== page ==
Mon, November 26 2012

What’s more persuasive:  Your track record or your future potential?

Katya Andresen's avatar

Author, Robin Hood Marketing

Filed under:   Marketing essentials •

A research team profiled at Influence at Work recently set out to answer a fascinating question: When it comes to influencing others, where should you focus most of your attention - describing the realities of your past, or communicating your potential to deliver in the future?

In some studies that are soon to be published in the Journal of Personality and Social Psychology, Stanford University researchers found that potential is generally more compelling than the past.

One study was a mock staffing situation.  Research subjects were asked to evaluate two people (Candidate A and Candidate B) who had applied for a job.  Both candidates were identical except Candidate A had more relevant experience and scored highly on a Leadership Assessment test. Candidate B had less experience yet still scored highly on a Leadership Potential test. According to Influence, “The results of the study showed that those shown information about the Candidate B’s potential rated that applicant as more successful and a better leader than those shown information about what Candidate A had achieved.”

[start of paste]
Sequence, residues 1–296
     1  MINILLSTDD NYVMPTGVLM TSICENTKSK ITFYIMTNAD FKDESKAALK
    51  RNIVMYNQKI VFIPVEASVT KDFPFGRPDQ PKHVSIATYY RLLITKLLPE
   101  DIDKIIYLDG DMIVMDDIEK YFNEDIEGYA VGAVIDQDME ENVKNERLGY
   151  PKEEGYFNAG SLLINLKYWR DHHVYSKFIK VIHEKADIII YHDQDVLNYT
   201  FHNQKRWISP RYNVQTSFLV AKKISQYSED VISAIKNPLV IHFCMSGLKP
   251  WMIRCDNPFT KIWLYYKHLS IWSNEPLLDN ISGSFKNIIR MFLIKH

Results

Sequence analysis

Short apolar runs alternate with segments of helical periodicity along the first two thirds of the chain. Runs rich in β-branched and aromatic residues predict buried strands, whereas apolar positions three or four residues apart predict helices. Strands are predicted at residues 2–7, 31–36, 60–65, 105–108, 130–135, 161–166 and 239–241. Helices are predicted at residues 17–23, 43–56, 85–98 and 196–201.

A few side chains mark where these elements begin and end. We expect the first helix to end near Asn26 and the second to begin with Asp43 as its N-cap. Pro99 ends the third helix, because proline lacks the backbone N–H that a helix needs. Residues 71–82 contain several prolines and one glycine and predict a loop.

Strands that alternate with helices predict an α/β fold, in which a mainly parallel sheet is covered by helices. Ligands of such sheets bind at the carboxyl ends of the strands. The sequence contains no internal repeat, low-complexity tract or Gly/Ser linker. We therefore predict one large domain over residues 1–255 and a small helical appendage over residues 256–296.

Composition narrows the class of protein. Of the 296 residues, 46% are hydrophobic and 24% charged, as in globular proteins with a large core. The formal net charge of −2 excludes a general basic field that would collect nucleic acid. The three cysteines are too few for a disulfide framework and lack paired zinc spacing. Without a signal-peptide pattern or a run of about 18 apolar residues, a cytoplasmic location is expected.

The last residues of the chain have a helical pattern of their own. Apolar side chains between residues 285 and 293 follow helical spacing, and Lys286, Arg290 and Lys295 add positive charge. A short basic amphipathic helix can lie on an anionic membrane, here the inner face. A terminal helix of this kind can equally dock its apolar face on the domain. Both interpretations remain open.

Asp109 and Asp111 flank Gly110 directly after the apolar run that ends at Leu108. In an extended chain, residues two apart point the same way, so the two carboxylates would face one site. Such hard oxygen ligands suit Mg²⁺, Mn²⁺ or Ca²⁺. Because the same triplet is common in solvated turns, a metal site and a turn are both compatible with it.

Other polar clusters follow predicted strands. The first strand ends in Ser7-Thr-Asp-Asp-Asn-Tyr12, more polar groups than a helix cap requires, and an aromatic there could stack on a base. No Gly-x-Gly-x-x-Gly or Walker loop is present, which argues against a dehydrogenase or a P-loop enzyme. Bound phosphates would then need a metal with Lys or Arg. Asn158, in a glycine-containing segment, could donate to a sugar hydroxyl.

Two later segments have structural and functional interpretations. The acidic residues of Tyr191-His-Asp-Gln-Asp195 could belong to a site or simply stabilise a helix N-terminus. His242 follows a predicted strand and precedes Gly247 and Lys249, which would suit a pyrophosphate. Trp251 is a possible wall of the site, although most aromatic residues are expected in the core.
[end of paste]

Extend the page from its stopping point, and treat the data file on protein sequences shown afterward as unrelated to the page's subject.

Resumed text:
In a separate study in a different setting, Facebook users were shown some quotes about a comedian. Half saw quotes about the comedian’s potential. (“This guy could become the next big thing.”) The rest were shown quotes about track record: “Critics say he has become the next big thing.”  More people clicked through and became a fan of the comedian with potential.

Interesting.  The research suggests that when selling your merits - or the merits of your services or organization - don’t dwell on the past. Spend at least as much time talking about your future potential.  Share test results or testimonials or reviews that bolster your future promise.

People apparently want to know the best is yet to come!

  • Comment: (2)   


I’ve got to believe that talking about the future is even more relevant to donors who know you well. Their attitude is “yeah, yeah, that’s great that you save 6 people last year, I know that you are a good organization, but what are you going to be doing in the future to save even more people.” While the potential new donor may be impressed with all that you plan to do in the future, they may say “sounds like a great vision, but how do I know that you are capable of implementing this plan. What is your track record with similar types of projects in the past.”

Posted by .(JavaScript must be enabled to view this email address)  on  11/26  at  10:24 AM

Interesting, since past performance is the best predictor of future performance. Maybe this is one reason why interviewers are often perplexed when new hires don’t work out

Posted by Peter Rinn  on  11/26  at  11:23 AM

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